Computer Science Education Week kicks off today—and it’s a great opportunity for educators around the world to introduce their students to coding. I know, learning to code can sound intimidating, but it only takes an hour to try it out. As a part of Hour of Code, educators can bring our new CS First activity, “An Unusual Discovery,” to their classrooms as an easy first step into the world of coding. In the activity, students create unique stories about a newly discovered object, like sneakers or even a rocket, with code.
As a founding partner of CSEdWeek in 2009, this is one of our favorite weeks of the year. But computer science is important all year long; we encourage diverse students to try computer science with ongoing programs, including Made with Code, Grasshopper coding app and Applied Computing series. We’ve also given more than $60 million in Google.org grants since 2013 to support computer science education through nonprofits like 4-H, code.org and Scratch.
As someone who works on coding education programs everyday at Google, I love chatting with educators who benefit from our programs. Denese Anderson, a library media specialist from Illinois, recently tried out “An Unusual Discovery” with some third graders. I caught up with her early this week to chat about the activity and why bringing coding into the classroom is so important:
Adam: Hi Denese, for starters, what’s your background in teaching computer science?
Denese: I actually don't have any formal experience teaching computer science. My teaching background is special education and I've worked in a school library the past ten years.
Mrs. Anderson ready to show students how to create a story using code
And now you're using the library to help kids learn to code. Can you tell us more about that?
Libraries are a lot different than they used to be. They’ve always been a place for people to explore new ideas and learn new things. Many libraries have incorporated makerspaces as an opportunity to learn new skills through creation. I turned our makerspace into a place where kids can learn how to code.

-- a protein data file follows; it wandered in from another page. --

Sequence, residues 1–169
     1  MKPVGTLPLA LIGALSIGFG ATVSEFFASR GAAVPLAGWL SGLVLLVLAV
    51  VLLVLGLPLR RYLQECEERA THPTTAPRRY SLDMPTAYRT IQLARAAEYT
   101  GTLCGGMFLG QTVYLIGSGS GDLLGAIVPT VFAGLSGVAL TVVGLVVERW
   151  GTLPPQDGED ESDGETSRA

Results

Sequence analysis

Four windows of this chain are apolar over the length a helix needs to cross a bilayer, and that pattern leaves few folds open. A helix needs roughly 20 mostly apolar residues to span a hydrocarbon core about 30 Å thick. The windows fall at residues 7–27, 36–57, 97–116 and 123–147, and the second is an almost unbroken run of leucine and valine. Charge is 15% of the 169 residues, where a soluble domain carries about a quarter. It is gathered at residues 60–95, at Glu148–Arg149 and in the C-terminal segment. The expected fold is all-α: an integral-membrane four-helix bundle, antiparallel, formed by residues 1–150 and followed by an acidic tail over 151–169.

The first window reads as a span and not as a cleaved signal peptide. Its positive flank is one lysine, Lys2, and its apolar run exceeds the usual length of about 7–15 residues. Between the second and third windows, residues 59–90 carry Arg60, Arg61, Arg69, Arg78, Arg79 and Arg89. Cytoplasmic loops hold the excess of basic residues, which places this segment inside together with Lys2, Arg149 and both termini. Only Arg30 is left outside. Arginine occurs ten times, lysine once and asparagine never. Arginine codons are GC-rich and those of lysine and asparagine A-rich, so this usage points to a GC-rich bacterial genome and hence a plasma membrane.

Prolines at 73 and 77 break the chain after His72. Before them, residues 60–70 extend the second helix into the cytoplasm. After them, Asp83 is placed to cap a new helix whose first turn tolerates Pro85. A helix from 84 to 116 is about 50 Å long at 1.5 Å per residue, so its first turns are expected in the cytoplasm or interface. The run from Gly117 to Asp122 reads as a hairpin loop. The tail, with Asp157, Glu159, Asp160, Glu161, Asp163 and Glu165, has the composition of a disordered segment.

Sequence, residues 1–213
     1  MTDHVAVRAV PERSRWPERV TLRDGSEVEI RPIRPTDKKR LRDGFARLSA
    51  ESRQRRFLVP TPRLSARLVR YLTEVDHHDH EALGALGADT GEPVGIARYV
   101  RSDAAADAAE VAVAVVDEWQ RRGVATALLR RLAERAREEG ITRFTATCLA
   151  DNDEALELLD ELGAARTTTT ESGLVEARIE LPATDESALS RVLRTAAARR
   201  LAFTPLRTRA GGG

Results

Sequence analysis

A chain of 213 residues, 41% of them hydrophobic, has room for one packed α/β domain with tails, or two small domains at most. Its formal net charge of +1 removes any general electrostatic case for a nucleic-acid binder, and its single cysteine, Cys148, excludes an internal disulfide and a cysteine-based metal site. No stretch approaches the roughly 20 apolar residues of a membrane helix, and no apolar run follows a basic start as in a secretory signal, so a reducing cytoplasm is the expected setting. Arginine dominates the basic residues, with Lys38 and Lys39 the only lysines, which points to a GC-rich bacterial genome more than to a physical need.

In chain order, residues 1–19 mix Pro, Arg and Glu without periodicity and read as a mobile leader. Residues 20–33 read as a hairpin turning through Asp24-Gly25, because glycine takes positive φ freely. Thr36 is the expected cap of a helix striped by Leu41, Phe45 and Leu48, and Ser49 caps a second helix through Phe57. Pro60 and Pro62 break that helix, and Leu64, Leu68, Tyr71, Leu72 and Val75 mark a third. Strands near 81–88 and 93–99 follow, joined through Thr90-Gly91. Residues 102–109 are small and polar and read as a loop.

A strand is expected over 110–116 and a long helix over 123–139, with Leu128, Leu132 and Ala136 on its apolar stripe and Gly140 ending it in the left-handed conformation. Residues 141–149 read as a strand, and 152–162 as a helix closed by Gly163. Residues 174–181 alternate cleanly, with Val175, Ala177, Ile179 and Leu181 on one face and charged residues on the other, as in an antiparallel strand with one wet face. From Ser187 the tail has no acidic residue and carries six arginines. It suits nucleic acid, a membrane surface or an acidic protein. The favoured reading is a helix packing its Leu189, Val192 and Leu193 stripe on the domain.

So, how have you integrated “An Unusual Discovery” into your library?
Anytime I can connect new technology with storytelling, it's a win and that is just what this CS First activity does. We had been reading a story about penguins so I challenged these students to retell part of the story using CS First. It was super creative.
That’s awesome! What did the kids think of the project?
Our third graders were engaged during the activity and loved being able to customize their stories using different backgrounds, sprites and dialogue. As a librarian, I loved showing the students how coding is a form of storytelling. The coding site was easy to get to and easy for the students to navigate.
Why do you think students should learn to code?
It’s the language of the future. So many jobs today involve coding and computer programming, not just jobs in the computer science field. More importantly, coding encourages students to learn lots of valuable skills—so while they're learning to code, they're also becoming better critical thinkers and communicators.
One last question. What would you tell educators who want to try out “An Unusual Discovery” during CSEdWeek?
You don't need to know how to code in order to share this project with your students. Most students pick it up quickly and the introductory video teaches them the basics. The best part is actually watching the students helping each other out along the way, and showing off what they built. The excitement is contagious.
Denese and other educators and library professionals are preparing for CSEdWeek, and we’re committed to supporting the work they do. Over the course of this week, 250 libraries will teach coding activities with support from Grow with Google, as part of our broader commitment to enhance the role libraries play as digital community centers. We are excited to see students engage in an Hour of Code in Illinois and around the country! If you're an educator, you can give the new CS First activity a try today and let us (@Googleforeducation) know how it goes on Twitter.